But just because the vehicles are gone does not mean the youths are. They ride their bikes to the quarries. Or just drive. It is not hard to beat the system. In fact, with the new bike trail open, youths wanting to go to the quarry where Kerr died last weekend can simply park in the parking lot.

Police could cite the youths for trespassing, but O’Loughlin called that “an effort in futility.” Violators scatter when the police show up. “You might get one or two kids,” O’Loughlin said. But the next day, they are back and the police understand why.

“You can’t tell me this isn’t a nice place to swim,” said Officer Al Bacchiocchi, standing last week at the quarry where Kerr died. “It’s quiet. It’s private. Who wouldn’t enjoy this?”

Kerr, for one, loved the quarries. He grew up in Milford and often returned there to hang out with friends. In good weather that meant going to the quarries, and last Sunday the weather was perfect.

Kerr was jumping with his friends, according to witnesses, and then apparently decided to leap from a tree at the quarry’s jagged edge.

At a rock wall where the heights vary, from just a few feet off the water to some 30 feet up in the air — this was a particularly risky place to jump. But plenty of youths have done it.

“I’ve jumped from that tree hundreds of times,” said Chris Larson, who was there that afternoon. “Never slipped. Never had a problem.”

Witnesses said Kerr spilled out of the tree as he was climbing it, smashed into the rocks below, and then hit the water. He never came back up, and police later found his body 40 feet beneath the surface.

“We did it all the time,” said Kerr’s sister, Shannon, 21. “You jump off the rocks. You go sit in the sun for a while, cool off in the summer heat. You climb back up and do it again. I mean, it’s an adrenaline rush.”

Even death does not deter them. Last week, in the days after Kerr died, youths returned to the quarry, somehow convinced they would be safer than he was, that this could not happen to them.

“You’d think that this incident would have scared them away,” said Elizabeth Hazard, the grandmother of Jessica, one of several teens jumping into the quarry one evening last week. “But it hasn’t. I think it’s drawn them up there more.”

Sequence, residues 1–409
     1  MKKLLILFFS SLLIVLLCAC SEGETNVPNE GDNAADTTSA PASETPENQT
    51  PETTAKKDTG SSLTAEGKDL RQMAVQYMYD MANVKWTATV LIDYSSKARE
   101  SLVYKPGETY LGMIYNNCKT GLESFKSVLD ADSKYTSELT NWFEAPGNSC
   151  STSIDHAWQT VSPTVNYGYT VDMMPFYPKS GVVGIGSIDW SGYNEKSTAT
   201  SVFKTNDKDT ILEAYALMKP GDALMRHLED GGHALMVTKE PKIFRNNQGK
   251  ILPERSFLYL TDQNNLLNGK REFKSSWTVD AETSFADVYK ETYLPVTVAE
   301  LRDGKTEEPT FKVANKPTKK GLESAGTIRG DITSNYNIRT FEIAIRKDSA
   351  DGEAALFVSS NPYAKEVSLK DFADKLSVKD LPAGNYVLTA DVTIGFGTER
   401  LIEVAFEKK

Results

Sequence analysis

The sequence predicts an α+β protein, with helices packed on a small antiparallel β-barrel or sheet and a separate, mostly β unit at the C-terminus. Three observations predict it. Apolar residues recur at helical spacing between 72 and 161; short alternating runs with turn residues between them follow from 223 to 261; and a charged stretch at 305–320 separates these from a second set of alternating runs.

Elizabeth Hazard, who is raising Jessica in a condominium a short hike from the quarry, said she found Jessica’s wet clothes stashed in the bushes outside their condo last week.

Jessica initially told her grandmother that she had gone swimming at a local pool.

“But I knew she didn’t,” Elizabeth Hazard said. “And after questioning her for a while, she admitted it.”

But parents, like the police, feel somewhat powerless to stop youths from going to the quarries. Mario Charro, the father of Josh who jumped again and again from the quarry wall last week, said he told his son all the right things after he learned that Josh had been there.

Charro, who has two other children, said he would call the police the next time he found out Josh was at the quarries.

“I will do that,” he said, “for the safety of my son.”

But whether this, or anything else, will keep youths away from the quarries is anyone’s guess, especially when they seem so willing to take the risk.

“There’s risk everywhere,” said Chris Weineck, 20, who drove to the quarry from Mansfield with four friends one evening last week. “There are sharks at the beach, and there are rocks here.”

Weineck said he prefers the rocks. He jumped from them again and again as the sun went down one evening last week.

The rocks were warm and slick, the water cool and refreshing.

It was almost summer in Milford and the only question at the moment was: What sort of jump would Weineck do?

“Spin it,” his friend Doug Purcell suggested.

“I’m not going to spin,” Weineck replied.

“Front flips?”

“I’m not doing front flips.”

Finally, Weineck made up his mind and dove, hands stretched above his head, tucking his knees to his chest just as he hit the water. He disappeared into a storm of bubbles.

And for one long moment, he was gone.

Back to top